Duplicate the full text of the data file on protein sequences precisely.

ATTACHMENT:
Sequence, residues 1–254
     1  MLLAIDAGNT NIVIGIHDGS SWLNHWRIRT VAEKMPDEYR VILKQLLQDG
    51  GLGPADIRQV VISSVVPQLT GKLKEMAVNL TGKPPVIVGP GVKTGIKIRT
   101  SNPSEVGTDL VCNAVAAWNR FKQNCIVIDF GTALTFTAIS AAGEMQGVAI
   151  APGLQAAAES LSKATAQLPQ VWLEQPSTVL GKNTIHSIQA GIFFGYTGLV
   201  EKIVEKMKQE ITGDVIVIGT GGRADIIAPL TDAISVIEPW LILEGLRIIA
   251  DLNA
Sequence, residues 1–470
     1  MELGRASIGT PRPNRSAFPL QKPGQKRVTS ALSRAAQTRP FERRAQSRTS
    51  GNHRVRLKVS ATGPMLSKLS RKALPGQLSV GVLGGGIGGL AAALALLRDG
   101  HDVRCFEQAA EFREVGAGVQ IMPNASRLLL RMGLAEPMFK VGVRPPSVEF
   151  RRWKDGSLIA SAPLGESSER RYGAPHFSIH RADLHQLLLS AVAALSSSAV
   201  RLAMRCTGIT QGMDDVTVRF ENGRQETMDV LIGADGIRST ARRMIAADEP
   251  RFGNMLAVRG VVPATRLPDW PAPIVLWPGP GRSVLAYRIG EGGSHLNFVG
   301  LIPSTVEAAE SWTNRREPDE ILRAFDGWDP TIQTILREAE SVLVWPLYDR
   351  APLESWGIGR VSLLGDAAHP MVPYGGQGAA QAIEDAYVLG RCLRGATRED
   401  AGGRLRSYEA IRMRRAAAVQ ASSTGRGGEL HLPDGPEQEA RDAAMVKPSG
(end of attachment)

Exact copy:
Sequence, residues 1–254
     1  MLLAIDAGNT NIVIGIHDGS SWLNHWRIRT VAEKMPDEYR VILKQLLQDG
    51  GLGPADIRQV VISSVVPQLT GKLKEMAVNL TGKPPVIVGP GVKTGIKIRT
   101  SNPSEVGTDL VCNAVAAWNR FKQNCIVIDF GTALTFTAIS AAGEMQGVAI
   151  APGLQAAAES LSKATAQLPQ VWLEQPSTVL GKNTIHSIQA GIFFGYTGLV
   201  EKIVEKMKQE ITGDVIVIGT GGRADIIAPL TDAISVIEPW LILEGLRIIA
   251  DLNA
Sequence, residues 1–470
     1  MELGRASIGT PRPNRSAFPL QKPGQKRVTS ALSRAAQTRP FERRAQSRTS
    51  GNHRVRLKVS ATGPMLSKLS RKALPGQLSV GVLGGGIGGL AAALALLRDG
   101  HDVRCFEQAA EFREVGAGVQ IMPNASRLLL RMGLAEPMFK VGVRPPSVEF
   151  RRWKDGSLIA SAPLGESSER RYGAPHFSIH RADLHQLLLS AVAALSSSAV
   201  RLAMRCTGIT QGMDDVTVRF ENGRQETMDV LIGADGIRST ARRMIAADEP
   251  RFGNMLAVRG VVPATRLPDW PAPIVLWPGP GRSVLAYRIG EGGSHLNFVG
   301  LIPSTVEAAE SWTNRREPDE ILRAFDGWDP TIQTILREAE SVLVWPLYDR
   351  APLESWGIGR VSLLGDAAHP MVPYGGQGAA QAIEDAYVLG RCLRGATRED
   401  AGGRLRSYEA IRMRRAAAVQ ASSTGRGGEL HLPDGPEQEA RDAAMVKPSG